Associated foot And ankle

Dr. M. Imani


Board Certified

Most medical specialists have recognized certifying boards. Hospitals, surgical centers, health care plans, and patients often depend upon these recognized boards to verify certification status of physicians. Doctors who are board certified are referred to as "diplomates."

A podiatric surgeon certified by the American Board of Podiatric Surgery has successfully completed a credentialing and examination process and has demonstrated knowledge of podiatric surgery, including the diagnosis of general medical problems and surgical management of foot diseases, deformities, and trauma of the foot and ankle and related structures.

The American Board of Podiatric Surgery was founded in 1975 as an independent, nonprofit organization for the purpose of certifying podiatric surgeons found to be qualified after meeting credentialing requirements and completing the examination process. ABPS is recognized by the Council on Podiatric Medical Education, which is the accrediting agency of the American Podiatric Medical Association. The major objective of ABPS is to protect and improve the health and welfare of the public by the advancement of the art and science of podiatric surgery.

After completing four years of podiatric medical school, a podiatric surgeon participates in a surgical residency program or postdoctoral education to prepare for the specialty of podiatric surgery. After several years of clinical experience and practice, a podiatric surgeon may apply for board certification. This precertification clinical experience requirement assures that your board certified podiatric surgeon brings significant experience to the care of your feet.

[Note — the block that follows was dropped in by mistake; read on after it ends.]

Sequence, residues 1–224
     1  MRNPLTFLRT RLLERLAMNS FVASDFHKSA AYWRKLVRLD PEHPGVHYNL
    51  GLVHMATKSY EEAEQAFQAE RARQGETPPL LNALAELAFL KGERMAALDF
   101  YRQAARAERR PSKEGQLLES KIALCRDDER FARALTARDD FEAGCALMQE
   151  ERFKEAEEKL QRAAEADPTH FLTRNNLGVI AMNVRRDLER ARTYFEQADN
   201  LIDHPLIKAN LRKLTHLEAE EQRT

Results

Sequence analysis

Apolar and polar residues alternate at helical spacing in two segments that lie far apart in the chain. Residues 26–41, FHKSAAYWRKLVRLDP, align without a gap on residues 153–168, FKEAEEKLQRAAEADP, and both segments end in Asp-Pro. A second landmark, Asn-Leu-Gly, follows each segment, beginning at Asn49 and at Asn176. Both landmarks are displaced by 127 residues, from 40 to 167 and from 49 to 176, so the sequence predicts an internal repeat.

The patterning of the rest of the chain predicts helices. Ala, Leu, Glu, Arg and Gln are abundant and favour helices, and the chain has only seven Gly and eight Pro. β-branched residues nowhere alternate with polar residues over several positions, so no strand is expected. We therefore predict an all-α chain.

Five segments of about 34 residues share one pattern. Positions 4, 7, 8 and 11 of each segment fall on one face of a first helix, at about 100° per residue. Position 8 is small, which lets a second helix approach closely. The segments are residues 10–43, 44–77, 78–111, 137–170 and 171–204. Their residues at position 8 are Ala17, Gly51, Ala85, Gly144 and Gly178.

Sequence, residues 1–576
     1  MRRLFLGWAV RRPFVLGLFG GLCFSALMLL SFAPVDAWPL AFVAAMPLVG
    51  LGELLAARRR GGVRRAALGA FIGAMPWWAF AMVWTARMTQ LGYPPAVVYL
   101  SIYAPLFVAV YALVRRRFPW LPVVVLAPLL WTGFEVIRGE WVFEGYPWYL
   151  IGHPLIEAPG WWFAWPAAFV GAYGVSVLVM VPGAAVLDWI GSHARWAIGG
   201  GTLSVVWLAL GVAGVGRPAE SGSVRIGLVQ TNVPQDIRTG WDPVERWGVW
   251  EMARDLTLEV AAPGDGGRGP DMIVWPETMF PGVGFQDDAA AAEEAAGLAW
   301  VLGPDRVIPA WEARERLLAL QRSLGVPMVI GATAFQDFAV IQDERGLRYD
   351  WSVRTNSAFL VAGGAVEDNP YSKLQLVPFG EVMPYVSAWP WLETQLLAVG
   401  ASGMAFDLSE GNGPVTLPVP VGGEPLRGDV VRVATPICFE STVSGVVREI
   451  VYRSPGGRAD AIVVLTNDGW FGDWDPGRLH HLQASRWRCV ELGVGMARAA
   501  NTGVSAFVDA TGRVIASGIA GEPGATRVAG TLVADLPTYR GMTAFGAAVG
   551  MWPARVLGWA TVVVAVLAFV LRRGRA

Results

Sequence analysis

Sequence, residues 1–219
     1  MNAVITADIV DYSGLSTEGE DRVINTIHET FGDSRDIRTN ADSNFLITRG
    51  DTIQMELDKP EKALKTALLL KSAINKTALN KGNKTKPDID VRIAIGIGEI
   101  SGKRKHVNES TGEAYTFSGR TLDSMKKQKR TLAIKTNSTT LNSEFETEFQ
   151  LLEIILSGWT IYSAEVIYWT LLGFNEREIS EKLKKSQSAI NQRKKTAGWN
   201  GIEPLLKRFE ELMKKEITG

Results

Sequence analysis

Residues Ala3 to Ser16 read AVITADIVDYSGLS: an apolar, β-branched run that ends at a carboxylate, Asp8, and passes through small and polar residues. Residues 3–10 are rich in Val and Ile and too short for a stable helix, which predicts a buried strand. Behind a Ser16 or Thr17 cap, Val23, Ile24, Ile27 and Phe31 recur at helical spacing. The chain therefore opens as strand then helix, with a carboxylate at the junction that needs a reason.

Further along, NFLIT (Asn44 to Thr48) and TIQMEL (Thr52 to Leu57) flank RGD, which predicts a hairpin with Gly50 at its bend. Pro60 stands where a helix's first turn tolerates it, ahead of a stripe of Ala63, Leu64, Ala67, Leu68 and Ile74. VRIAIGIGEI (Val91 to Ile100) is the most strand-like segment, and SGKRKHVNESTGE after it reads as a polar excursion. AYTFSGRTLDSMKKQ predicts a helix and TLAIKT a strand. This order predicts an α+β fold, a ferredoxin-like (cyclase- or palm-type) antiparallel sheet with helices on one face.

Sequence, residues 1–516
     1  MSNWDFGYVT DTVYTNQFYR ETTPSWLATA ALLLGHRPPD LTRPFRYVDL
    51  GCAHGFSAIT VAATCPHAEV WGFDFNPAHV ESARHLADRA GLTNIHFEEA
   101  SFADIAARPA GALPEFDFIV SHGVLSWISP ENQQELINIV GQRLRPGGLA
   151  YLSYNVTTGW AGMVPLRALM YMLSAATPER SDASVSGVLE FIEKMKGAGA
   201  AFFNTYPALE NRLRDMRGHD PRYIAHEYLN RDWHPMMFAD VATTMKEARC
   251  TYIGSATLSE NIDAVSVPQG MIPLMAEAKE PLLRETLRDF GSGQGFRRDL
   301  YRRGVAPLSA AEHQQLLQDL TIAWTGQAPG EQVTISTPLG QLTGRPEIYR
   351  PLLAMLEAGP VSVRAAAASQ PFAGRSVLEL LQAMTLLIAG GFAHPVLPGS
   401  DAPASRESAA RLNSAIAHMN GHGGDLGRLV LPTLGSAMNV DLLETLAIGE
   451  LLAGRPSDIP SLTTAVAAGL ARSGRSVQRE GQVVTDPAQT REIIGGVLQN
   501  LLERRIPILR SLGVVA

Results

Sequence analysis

A podiatric surgeon who is certified by ABPS has successfully completed an intensive certification process with three major components: surgical case review, a written examination, and an oral examination.

1) Case review: When applying for certification, a candidate submits x-rays, operative reports, and other chart materials relating to surgeries performed in the five years before applying. The ABPS Credentials Committee reviews the management of these cases from the time the patient came into the office, through the surgery, and the final outcome. The committee determines that the candidates abilities, as reflected in these materials, meet the standards set by ABPS.

2) Written Examination: Candidates for certification must pass a written examination that tests academic knowledge of podiatric medicine and surgery. This examination has been developed and carefully analyzed over the years in consultation with independent medical education testing specialists in order to assure that the written examination conforms to the highest standards of professional testing.

3) Oral Examination: The final step toward certification is the oral examination. This examination tests the candidate's clinical judgment and reasoning skills. During the oral examination, the candidate is required to discuss the diagnosis and treatment of several actual case scenarios in accordance with standards set by ABPS.